Tag Archives: Senate

Give the House Back to the Commoners and Get on With Solving America’s Issues….

I surely write the following piece with a substantial amount of provocation, perhaps beyond the realm of responsible punditry. However, with slight deafness toward the gnarls of the offended, I proceed beyond my normal restraint.

Ancient Rome had a bicameral legislative body, similar to that of the United States. Rome’s Senate of approximately 300 men was appointed by the Consuls, their answer for our President. However, as opposed to America’s wealthiest 300 citizens, who supposedly own more wealth than our bottom 100 million and who use their considerable wealth to control our Senate, Rome’s Senate actually consisted of her top 300 wealthiest citizens. Picture Warren Buffet in a toga.

No laws were passed without the acceptance of the Senate. Therefore, the rights of the property owners and capitalists of their day were protected. However, no laws were proposed unless they came from the Tribal Assembly. By law, the Assembly was composed of a cross section of 35 regions and 10 different wealth classes in each region so that all manners of working people would be equally represented. Perhaps the Romans were more enlightened in creating five layers each of “Republicans and Democrats”. Whether or not this financial distinction of who could hold each assembly seat was truly a representative manner in which to differentiate the social, fiscal, and monetary demands of different factions, it was, however, what held the Republic together for centuries.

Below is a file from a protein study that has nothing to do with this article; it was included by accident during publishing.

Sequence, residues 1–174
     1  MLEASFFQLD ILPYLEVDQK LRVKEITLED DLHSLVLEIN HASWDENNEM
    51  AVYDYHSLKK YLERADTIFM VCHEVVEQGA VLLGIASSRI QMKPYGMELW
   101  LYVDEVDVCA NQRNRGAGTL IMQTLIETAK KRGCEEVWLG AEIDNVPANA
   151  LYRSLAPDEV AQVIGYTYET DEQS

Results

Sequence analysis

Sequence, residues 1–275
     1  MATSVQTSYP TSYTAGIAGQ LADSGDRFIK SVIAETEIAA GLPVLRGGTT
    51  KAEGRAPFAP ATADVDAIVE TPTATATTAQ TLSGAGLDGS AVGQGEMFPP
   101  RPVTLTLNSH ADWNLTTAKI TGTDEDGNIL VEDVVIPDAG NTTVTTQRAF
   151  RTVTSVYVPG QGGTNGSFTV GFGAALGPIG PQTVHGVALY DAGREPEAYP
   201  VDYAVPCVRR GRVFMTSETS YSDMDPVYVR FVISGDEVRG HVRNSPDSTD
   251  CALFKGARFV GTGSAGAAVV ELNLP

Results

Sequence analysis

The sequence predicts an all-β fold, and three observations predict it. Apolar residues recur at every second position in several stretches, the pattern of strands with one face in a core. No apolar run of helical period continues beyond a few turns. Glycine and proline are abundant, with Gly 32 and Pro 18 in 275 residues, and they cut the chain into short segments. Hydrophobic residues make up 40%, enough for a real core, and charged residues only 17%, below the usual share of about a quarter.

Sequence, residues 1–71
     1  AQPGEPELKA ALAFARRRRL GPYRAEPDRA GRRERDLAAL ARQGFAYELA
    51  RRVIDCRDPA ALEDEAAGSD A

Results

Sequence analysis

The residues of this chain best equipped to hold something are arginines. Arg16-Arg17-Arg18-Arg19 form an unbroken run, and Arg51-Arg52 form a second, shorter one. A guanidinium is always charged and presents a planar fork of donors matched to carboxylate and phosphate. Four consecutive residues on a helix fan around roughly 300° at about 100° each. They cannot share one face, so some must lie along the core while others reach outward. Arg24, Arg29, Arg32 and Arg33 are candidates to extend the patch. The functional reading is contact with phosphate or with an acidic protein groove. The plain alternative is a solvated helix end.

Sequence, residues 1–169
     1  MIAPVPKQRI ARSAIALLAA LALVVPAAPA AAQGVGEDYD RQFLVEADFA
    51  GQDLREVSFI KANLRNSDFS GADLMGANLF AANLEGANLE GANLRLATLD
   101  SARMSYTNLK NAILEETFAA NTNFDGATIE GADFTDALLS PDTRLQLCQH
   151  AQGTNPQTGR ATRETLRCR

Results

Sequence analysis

Understanding the desires of the wealthy in America to protect their assets while giving the common man the right to participate in governance, our founders adopted a similar legislative strategy to Rome. Originally intended to be chosen by the state’s representatives, typically wealthy land owners, our Senate was to be the body that would represent our gentry. Our House of Representatives would represent the other strata of society. By this means, the wealthy of our country could not dictate solely to the masses yet the masses could not confiscate from the wealthy.

While it may seem odd that one percent of the population would be given the super authority of one half of the legislative power of the United States, this was in fact the manner in which property rights could be sustained, castes could be preserved, and the American Republic could move forward. Yet its forward movement was not without fits and spurts, with capitalist business cycles and banking debacles creating depressions and recessions along America’s path of progression.

The spectrum of wealth stayed within realms of relative comfort until the second half of the great industrial expansion, the corralling of hydrocarbon, and the creation of the Fed all combined to produce America’s super elite, our captains of industry, or more affectionately called by those represented in America’s lower House as Robber Barons. With this newfound wealth came the desire for more power, the seed of much corruption and the flaw of mankind, and also the ability to reach out and grab the power through the regaining of control of all branches of government that had been so craftily separated by America’s founders of our constitution.

The House of Representatives, in its capped and gerrymandered form, has since been bought and purchased by America’s wealthy elite. The balance of representation of the strata of American society has shifted precipitously to the very top. This imbalance has permitted our elites to pursue all means of capitalistic extremism to the detriment of our country. In their drive to pursue self interests, the top has been blinded to the consequences that were borne from such abandonment.